Tuesday, October 5, 2010

Ben Bernanke thinks that if the national debt rises too far, so will interest rates!!!

So how come Japan’s debt is 200% of GDP, yet interest rates there are around 1%? That’s about three times the U.S. debt to GDP ratio. And as to the U.S. itself, it has the largest national debt for several decades, while interest rates are at a record low!

This speech by Bernanke clearly demonstrates he hasn’t a clue. Much of the rest of the speech is based on the idea that if the deficit continues, the national debt will also rise. It seems Bernanke has never heard of Keynes or Milton Friedman. As both the latter two individuals made clear, a deficit can accumulate as additional national debt OR additional monetary base.

And as to the idea that extra monetary base means inflation, there has been an astronomic and unprecedented increase in the U.S. base in the last two years, with not so much as a tenth of 1% worth of inflation to show for it.

But Bernanke is not the only ignorant duffer at the Federal Reserve. There’s at least one other: Richard Fisher, president of the Dallas Fed.

This speech by Fisher is as hilarious as Bernanke’s.

This speech by Fisher devotes much space to casting doubt on the merits of quantitative easing. He then asks “The vexing question is: Why isn’t this liquidity being utilized to hire new workers and reduce unemployment?” (That’s the liquidity created by QE).

His answer is his own personal impressions gained from business people he has talked to. To quote: “My soundings among those who actually do the work of creating sustainable jobs and making productive capital investments―private businesses big and small―indicate that few are willing to commit to expanding U.S. payrolls or to undertaking significant commitments to expand capital expenditures in the U.S. other than in areas that enhance productivity of the current workforce. Without exception, all the business leaders I interview cite nonmonetary factors―fiscal policy and regulatory constraints or, worse, uncertainty going forward…”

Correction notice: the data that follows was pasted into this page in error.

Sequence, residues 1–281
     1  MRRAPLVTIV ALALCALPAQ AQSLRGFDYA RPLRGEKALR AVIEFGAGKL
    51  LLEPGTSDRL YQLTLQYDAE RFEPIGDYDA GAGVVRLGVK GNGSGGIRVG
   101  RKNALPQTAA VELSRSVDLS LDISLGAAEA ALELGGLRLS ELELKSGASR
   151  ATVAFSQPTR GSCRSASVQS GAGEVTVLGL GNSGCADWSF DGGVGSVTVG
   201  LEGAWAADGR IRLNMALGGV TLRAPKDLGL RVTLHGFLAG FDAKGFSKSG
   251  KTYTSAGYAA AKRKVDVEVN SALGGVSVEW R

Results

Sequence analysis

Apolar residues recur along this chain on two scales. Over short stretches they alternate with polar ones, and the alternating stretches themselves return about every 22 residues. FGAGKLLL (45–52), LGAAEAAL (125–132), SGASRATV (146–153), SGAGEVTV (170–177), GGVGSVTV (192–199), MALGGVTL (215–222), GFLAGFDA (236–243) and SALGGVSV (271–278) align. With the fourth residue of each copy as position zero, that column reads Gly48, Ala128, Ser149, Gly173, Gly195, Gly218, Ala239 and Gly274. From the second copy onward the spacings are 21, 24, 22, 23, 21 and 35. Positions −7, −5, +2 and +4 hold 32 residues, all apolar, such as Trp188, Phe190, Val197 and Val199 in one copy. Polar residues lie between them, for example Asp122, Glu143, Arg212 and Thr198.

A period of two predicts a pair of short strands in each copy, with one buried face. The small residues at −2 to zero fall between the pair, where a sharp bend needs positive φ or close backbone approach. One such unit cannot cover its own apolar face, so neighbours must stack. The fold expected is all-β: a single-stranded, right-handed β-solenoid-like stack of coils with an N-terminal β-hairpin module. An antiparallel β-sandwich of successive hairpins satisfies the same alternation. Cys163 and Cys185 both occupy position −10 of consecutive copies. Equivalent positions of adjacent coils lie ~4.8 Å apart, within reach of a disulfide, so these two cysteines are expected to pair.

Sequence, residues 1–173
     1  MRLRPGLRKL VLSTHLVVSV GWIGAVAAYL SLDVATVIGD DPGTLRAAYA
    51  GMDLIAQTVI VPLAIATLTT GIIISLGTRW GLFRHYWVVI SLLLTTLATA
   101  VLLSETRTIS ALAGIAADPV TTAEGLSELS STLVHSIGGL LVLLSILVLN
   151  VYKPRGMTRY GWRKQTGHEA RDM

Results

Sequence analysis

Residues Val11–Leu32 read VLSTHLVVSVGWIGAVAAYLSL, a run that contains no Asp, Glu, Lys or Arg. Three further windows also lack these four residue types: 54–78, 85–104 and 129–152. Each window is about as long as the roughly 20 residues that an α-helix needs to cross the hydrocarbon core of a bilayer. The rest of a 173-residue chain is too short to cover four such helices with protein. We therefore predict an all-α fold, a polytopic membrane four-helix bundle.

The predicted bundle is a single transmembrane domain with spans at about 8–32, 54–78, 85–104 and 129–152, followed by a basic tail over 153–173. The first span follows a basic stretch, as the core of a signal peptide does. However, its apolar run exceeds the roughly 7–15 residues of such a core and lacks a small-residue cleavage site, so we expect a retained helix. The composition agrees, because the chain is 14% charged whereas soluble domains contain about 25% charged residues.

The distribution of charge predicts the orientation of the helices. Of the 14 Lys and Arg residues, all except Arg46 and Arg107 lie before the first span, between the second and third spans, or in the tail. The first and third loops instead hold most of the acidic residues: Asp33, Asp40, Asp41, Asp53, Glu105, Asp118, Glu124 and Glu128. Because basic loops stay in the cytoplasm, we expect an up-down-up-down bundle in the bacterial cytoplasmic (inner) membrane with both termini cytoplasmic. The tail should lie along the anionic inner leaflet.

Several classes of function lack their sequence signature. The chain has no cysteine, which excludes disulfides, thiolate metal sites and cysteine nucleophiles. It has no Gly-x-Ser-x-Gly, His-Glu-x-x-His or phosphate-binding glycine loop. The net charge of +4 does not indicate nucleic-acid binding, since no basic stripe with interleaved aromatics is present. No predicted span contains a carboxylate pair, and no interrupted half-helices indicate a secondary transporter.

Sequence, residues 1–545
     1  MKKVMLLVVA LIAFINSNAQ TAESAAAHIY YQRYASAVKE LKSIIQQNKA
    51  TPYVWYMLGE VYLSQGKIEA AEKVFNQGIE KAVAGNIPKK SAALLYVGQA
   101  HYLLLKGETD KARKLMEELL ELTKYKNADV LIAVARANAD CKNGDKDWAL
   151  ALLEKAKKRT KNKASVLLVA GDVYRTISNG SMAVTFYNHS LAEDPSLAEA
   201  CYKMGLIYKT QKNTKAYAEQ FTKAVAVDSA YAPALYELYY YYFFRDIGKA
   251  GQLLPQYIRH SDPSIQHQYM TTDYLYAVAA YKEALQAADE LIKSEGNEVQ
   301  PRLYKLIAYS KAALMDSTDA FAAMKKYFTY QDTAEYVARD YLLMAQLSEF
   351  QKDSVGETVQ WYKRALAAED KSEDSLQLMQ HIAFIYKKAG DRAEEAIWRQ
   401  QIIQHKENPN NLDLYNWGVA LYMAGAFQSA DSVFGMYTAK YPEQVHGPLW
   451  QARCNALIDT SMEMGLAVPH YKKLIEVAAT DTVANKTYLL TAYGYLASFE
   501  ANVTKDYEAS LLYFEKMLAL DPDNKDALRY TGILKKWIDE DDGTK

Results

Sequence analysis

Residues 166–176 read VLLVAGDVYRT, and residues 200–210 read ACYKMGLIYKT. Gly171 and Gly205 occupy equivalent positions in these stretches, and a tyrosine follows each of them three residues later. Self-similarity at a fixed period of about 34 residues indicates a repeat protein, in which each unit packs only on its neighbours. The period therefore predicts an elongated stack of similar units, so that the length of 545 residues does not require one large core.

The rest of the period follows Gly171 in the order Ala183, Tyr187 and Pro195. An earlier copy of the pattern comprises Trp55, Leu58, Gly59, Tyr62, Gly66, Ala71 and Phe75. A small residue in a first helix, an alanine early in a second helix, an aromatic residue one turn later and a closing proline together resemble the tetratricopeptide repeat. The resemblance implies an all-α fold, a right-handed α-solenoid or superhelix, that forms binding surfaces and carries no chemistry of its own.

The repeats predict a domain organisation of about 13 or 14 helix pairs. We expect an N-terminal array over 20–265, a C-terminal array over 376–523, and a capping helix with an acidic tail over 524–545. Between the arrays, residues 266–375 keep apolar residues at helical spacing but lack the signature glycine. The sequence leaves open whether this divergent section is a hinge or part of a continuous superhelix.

Well, Fisher’s personal impressions, are no substitute for actual surveys of business opinion. And what is truly hilarious here is that Fisher actually cites a survey of employers’ views in his speech according to which the main problem facing businesses (by a substantial margin) are none of the ones he cites, but plain simple lack of demand or “poor sales” as they call it. (See p. 18 of the survey).

The problems he cites are far from being a total irrelevance, but they are not the MAIN problem cited by employers in the above survey.

Another survey shows similar results (See page 4).

The final bit of nonsense in Fisher’s speech is that he wants to see businesses “hiring and training a workforce”. Problem with that idea is that precious little training needs to be done: there are loads of unemployed skilled people just waiting to fill vacancies. Both the above surveys showed that employers regard a shortage of skilled employees as a total non-problem compared to other factors.

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